April 12, 2024

I'm in Shock and Awe at Knoppix

knoppixlogo.jpgThere are going to be a whole load of Tech Heads out there who are pointing and laughing at the screen now, but I've just stumbled over Knoppix, and I have to say I'm impressed, and it's already got me seriously thinking about what OS will go in a second desktop PC in the house.

Knoppix (for the 99.99% of the population of the world who've never heard about it) is a version of Linux. I've always known Linux is out there, but it's still very strokey beard territory to actually go and do something worthwhile with it. I've thought a few times about grabbing Lindows, but something about that whole set up strikes me as a bit creepy. So Knoppix is Linux on a CD-Rom. And to set it up and run it on a PC, you put the CD in the drive, re-boot your PC, and set it up so it boots from the CD (a quick setting change in the BIOS) and away it goes. Two minutes later there's a very nice desktop and not a bit of BillG code running on my PC. How does it do that?

It doesn't touch the hard drive on my PC. This is the biggie for me, any experiments I need to be able to roll back asap, and Knoppix is just a matter of toggling the Mode Select Standby switch.

The technical bits that I can make out, is that it is using the Debian build of Linux, and it's using KDE (The K Desktop Enviroment) which is somewhere between a PC and Mac OS X. I've spent the last few nights in the enviroment, and it has the main tools I need (Email, Web, IRC and MSN Messenger via GAIM). If it wasn;t for the fact that (a) it doesn't see the IrDA Serial Cable dongle and (b) none of the OPL translation tools run under Linux then I'd be very happy to stay here. Oh and (c) lack of sound, but givent he Compaq Deskpro prolly has some weird chipset I don't think that should be too surprising.

I like the fact I can save all my info and settings to a single file onmy Windows Hard Drive and not have to play with partitions. I like the fact all the apps are there and the whole thing just works - Broadband connection through the NTL box worked out the box and I didn't have to set up or change anything. I like the fact that I can play Jezzball again. And Vikki approves of the Freecell that comes in the package... which is very important.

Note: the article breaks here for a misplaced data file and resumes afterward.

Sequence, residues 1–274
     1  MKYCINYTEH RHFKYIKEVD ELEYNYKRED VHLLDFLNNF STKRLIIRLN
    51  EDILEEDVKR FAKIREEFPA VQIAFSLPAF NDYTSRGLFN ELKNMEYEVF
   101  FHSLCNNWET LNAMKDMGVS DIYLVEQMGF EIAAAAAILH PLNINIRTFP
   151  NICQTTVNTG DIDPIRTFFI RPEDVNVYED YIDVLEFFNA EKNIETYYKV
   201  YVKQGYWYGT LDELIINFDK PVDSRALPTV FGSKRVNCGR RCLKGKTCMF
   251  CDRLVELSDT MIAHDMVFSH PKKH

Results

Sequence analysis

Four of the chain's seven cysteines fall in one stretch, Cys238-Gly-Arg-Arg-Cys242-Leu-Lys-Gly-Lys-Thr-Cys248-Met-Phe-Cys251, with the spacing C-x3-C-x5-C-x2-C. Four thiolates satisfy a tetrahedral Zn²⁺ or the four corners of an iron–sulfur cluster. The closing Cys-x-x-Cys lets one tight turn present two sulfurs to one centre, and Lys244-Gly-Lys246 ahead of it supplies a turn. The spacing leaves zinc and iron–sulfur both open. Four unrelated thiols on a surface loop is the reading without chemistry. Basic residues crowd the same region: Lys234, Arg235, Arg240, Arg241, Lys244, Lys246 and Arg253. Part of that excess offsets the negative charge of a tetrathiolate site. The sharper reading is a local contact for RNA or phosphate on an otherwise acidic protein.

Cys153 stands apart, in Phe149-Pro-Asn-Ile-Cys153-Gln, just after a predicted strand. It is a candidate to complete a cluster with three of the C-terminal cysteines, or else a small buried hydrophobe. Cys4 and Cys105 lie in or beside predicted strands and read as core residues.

In short, it's free to download (just burn the ISO image to a CD), free to try and won't upset anything on your PC when you go back to Windows. Is Linux ready for the desktop? From where I'm sitting, it looks like it. Why not have a look yourself?

Posted by Ewan at April 12, 2024 07:15 AM
I'm rapidly coming to the same conclusion as you about Linux on the desktop. Last weekend I replaced Red Hat 9.0 with Fedora Core 1 on my home machine (my firewall/router etc) and it is really nice to use for browsing, mailing, IRC and IM (that's my shortlist of regular computing activities). Thus far I haven't tried Open Office, but the time to try is approaching fast. I'm using GNOME as opposed to KDE, which feels nice to me, although I have absolutely no idea what the differences are. Fedora didn't want to find the soundcard on my Compaq box either. Try using sndconfig, and selecting some kind of generic SoundBlaster card. That usually works for me. Give me a shout if you need the exact settings. Posted by: Martin Little on April 12, 2024 12:49 AM
Even better, you can follow these steps [http://www.knoppix-std.org/docs/customize.html] to customize your distro. Want a demo of your java webapp? install tomcat, mysql, whatever repack, burn and voila!, a demo cd for your customer!! Posted by: jano on April 12, 2024 08:48 PM
For hard drive installs kanotix is supposed to to be better (it's knoppix based). Warning though: you have to setup dhcp manually. Posted by: Glen Stampoultzis on April 13, 2024 12:47 AM
Damn, that is nice Jano! Posted by: Martin Little on April 13, 2024 12:57 AM
Ewan -- you need to trim the URL from Jano to remove the trailing ] . Posted by: Martin Little on April 13, 2024 12:58 AM
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